In addition, you can link to relevant data or entities through identifiers within the text of your manuscript, using the following format: Database: xxxx (e.g., TAIR: AT1G01020; CCDC: 734053; PDB: 1XFN).Mendeley Data
This journal supports Mendeley Data, enabling you to deposit any research data (including raw and processed data, video, code, software, algorithms, protocols, and methods) associated with your manuscript in a free-to-use, open access repository. Before submitting your article, you can deposit the relevant datasets to Mendeley Data. Please include the DOI of the deposited dataset(s) in your main manuscript file. The datasets will be listed and directly accessible to readers next to your published article online.
For more information, visit the Mendeley Data for journals page.Data statement
To foster transparency, we encourage you to state the availability of your data in your submission. This may be a requirement of your funding body or institution. If your data is unavailable to access or unsuitable to post, you will have the opportunity to indicate why during the submission process, for example by stating that the research data is confidential. The statement will appear with your published article on ScienceDirect. For more information, visit the Data Statement page. Online proof correction
Corresponding authors will receive an e-mail with a link to our online proofing system, allowing annotation and correction of proofs online. The environment is similar to MS Word: in addition to editing text, you can also comment on figures/tables and answer questions from the Copy Editor. Web-based proofing provides a faster and less error-prone process by allowing you to directly type your corrections, eliminating the potential introduction of errors.
If preferred, you can still choose to annotate and upload your edits on the PDF version. All instructions for proofing will be given in the e-mail we send to authors, including alternative methods to the online version and PDF.
We will do everything possible to get your article published quickly and accurately. Please use this proof only for checking the typesetting, editing, completeness and correctness of the text, tables and figures. Significant changes to the article as accepted for publication will only be considered at this stage with permission from the Editor. It is important to ensure that all corrections are sent back to us in one communication. Please check carefully before replying, as inclusion of any subsequent corrections cannot be guaranteed. Proofreading is solely your responsibility.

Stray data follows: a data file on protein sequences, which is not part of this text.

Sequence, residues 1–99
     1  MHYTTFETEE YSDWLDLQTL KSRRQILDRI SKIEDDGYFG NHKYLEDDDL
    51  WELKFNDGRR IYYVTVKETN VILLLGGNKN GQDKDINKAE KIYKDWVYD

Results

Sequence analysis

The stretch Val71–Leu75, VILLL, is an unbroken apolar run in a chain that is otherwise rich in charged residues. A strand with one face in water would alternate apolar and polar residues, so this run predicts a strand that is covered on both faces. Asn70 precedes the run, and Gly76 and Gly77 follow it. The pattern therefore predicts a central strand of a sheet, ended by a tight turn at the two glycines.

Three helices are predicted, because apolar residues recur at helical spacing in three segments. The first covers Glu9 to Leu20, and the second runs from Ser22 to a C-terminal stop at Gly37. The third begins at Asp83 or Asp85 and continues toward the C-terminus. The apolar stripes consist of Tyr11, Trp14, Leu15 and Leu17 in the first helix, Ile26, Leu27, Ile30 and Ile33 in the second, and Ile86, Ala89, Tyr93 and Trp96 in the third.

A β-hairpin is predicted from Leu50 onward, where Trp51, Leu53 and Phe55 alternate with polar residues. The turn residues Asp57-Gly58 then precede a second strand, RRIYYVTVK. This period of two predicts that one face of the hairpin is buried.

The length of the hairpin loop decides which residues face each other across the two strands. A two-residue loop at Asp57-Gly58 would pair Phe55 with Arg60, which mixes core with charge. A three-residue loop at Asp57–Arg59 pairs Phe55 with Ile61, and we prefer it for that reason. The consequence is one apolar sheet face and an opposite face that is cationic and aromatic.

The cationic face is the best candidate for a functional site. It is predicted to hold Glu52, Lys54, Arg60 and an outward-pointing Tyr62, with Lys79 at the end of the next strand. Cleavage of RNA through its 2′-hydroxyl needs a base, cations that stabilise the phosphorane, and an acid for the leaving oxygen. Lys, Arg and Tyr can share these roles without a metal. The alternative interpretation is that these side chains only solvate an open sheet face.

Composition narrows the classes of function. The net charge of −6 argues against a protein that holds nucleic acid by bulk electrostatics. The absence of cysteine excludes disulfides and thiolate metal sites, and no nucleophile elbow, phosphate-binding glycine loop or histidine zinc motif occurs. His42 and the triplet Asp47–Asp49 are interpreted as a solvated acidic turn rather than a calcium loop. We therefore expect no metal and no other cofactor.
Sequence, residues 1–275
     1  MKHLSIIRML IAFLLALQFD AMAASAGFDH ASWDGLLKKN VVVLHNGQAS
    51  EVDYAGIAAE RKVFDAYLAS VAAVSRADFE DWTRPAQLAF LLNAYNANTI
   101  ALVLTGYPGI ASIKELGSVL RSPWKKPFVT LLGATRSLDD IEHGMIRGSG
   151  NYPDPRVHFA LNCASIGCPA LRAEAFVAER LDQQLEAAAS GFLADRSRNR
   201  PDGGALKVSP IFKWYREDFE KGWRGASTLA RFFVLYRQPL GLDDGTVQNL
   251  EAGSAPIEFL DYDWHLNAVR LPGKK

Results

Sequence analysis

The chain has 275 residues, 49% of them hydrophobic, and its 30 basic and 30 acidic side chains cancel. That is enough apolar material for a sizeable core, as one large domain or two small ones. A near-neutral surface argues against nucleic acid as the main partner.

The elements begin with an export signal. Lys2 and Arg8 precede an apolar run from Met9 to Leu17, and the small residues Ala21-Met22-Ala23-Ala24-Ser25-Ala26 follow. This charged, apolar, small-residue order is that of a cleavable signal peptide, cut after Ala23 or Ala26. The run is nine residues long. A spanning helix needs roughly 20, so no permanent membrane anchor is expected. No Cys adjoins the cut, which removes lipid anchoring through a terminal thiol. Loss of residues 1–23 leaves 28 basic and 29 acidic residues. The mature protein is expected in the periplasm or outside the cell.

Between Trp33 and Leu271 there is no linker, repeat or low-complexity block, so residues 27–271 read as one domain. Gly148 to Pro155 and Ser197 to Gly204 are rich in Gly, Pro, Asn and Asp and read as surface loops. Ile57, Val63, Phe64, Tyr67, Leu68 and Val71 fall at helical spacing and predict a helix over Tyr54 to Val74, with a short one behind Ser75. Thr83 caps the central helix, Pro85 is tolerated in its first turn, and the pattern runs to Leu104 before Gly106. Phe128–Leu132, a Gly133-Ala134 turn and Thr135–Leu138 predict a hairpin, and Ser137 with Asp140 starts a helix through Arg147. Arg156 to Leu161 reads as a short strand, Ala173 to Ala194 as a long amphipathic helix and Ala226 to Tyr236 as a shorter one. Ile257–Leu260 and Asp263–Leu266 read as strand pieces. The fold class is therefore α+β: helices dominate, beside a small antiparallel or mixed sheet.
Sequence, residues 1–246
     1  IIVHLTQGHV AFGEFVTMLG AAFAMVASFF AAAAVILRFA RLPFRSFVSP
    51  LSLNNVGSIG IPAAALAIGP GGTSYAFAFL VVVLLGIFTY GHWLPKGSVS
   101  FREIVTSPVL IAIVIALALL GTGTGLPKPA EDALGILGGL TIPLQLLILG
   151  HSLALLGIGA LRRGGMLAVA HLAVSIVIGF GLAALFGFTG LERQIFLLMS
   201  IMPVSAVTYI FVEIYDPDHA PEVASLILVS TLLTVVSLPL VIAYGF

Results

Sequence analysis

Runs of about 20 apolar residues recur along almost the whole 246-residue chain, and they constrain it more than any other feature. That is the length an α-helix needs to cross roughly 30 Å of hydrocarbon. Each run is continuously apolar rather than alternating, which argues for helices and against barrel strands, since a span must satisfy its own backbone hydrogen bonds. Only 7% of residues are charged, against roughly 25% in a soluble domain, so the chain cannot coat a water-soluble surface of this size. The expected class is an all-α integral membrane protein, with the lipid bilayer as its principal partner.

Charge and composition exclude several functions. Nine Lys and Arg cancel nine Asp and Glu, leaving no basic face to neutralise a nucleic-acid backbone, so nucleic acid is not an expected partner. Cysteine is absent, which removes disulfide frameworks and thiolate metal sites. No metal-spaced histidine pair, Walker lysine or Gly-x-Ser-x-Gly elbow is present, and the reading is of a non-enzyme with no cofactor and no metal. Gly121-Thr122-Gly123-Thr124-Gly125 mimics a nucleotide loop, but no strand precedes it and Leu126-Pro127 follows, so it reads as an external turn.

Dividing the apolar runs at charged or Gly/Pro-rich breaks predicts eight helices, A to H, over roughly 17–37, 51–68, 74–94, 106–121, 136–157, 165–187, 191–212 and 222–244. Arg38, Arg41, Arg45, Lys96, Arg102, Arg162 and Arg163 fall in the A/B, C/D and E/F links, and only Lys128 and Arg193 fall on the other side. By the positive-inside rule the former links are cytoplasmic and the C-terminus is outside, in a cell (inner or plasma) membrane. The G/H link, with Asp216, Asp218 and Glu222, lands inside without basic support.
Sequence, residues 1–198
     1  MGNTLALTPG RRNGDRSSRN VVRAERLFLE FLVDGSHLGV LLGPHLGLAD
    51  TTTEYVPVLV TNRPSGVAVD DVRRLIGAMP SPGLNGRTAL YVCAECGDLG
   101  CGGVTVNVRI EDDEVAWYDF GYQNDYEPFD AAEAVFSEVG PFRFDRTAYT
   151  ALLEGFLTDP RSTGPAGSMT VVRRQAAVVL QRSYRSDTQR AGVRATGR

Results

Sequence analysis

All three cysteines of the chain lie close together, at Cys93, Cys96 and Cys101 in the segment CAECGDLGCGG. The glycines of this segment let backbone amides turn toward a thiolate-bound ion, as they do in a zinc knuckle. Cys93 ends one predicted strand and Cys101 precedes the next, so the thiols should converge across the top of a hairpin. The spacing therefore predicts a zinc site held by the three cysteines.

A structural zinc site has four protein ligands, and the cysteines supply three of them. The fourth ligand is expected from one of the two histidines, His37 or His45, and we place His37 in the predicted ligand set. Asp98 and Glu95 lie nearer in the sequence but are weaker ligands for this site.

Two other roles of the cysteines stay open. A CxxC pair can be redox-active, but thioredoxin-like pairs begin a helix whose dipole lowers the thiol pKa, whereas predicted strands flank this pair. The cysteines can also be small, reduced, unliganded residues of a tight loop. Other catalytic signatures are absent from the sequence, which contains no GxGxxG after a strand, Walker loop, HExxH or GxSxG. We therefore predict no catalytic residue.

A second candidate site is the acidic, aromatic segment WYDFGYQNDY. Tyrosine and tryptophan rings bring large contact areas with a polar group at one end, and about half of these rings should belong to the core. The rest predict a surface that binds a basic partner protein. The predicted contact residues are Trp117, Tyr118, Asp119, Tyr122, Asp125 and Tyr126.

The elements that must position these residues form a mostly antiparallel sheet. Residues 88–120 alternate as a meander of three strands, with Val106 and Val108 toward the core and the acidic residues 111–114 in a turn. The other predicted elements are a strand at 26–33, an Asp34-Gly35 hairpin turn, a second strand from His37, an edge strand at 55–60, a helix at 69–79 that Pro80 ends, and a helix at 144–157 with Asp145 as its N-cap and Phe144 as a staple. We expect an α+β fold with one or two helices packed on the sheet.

The corresponding author will, at no cost, receive a customized Share Link providing 50 days free access to the final published version of the article on ScienceDirect. The Share Link can be used for sharing the article via any communication channel, including email and social media. For an extra charge, paper offprints can be ordered via the offprint order form which is sent once the article is accepted for publication. Both corresponding and co-authors may order offprints at any time via Elsevier's Webshop. Corresponding authors who have published their article open access do not receive a Share Link as their final published version of the article is available open access on ScienceDirect and can be shared through the article DOI link.
Visit the Elsevier Support Center to find the answers you need. Here you will find everything from Frequently Asked Questions to ways to get in touch.
You can also check the status of your submitted article or find out when your accepted article will be published.